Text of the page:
Marco felt that this was a good time try moving back to the simpler browser he had wanted from the beginning. Rather than simply porting every feature and preference from Galeon 1, he moved slowly, planning feature additions, and weighing the worth of each feature and preference. Far more features were ported than are readily apparent, mostly due to the fact that the GUI preferences interface was much more difficult to plan and construct.

As lead developer, Marco felt justified in modifying the code to create the browser he wanted. This didn't sit well with some of the developers, and a great deal of heated discussion occurred on the galeon-devel list. As Galeon 1.3 releases came out, the discussions got more heated, as people became less and less satisfied with Marco's decisions. In April of 2002, Havoc Pennington wrote a document called "Free software and good user interfaces". The Gnome project had been struggling with uniform human interface guidelines, and after much discussion, Havoc came up with his essay.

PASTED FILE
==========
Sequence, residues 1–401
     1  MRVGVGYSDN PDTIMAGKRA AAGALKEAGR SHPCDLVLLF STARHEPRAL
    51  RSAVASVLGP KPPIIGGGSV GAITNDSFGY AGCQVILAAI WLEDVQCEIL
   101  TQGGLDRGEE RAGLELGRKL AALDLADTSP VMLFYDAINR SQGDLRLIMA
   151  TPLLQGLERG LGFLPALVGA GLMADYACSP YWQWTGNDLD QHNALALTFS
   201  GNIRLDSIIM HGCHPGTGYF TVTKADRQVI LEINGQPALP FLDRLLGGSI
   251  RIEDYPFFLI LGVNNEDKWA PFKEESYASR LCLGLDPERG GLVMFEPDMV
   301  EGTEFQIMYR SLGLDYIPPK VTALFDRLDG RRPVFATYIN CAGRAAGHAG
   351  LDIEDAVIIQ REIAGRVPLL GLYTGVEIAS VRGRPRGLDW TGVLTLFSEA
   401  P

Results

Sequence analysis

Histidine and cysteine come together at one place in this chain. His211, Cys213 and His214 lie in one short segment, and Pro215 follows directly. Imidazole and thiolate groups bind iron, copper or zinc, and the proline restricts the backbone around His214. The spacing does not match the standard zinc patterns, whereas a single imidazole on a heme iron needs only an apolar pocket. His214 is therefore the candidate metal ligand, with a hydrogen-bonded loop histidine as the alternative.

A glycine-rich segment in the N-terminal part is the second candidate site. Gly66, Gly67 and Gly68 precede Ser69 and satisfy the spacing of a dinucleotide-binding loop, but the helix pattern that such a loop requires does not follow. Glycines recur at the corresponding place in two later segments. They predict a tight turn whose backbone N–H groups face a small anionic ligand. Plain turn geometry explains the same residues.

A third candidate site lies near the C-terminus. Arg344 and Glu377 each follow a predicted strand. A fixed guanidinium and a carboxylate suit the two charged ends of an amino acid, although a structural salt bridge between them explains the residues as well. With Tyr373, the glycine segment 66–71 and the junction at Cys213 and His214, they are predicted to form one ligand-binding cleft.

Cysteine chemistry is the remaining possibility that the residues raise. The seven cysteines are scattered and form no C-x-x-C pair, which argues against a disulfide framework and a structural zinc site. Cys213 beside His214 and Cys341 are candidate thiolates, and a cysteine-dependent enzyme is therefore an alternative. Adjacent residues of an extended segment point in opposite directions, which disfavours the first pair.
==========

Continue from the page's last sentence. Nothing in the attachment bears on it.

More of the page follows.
The essay got mixed reviews, with some people thinking that it was a GREAT idea to make things uniform and simple; others thought it was a terrible idea to make things so simple because it felt restrictive. The Gnome Human Interface Guidelines (HIG) were made soon after.

A Tale Of Two Opinions

Marco's decisions regarding the interface to Galeon were not universally well received. Some thought it was an excellent idea to move toward a more HIG compliant browser, but since moving in this direction involved reducing the number of available settings in the preferences, and changing the main interface that people had become accustomed to, some thought it would be the downfall of a great browser.

The issues essentially boiled down to two opinions; should Galeon be a simple browser, or should it be a power user's browser?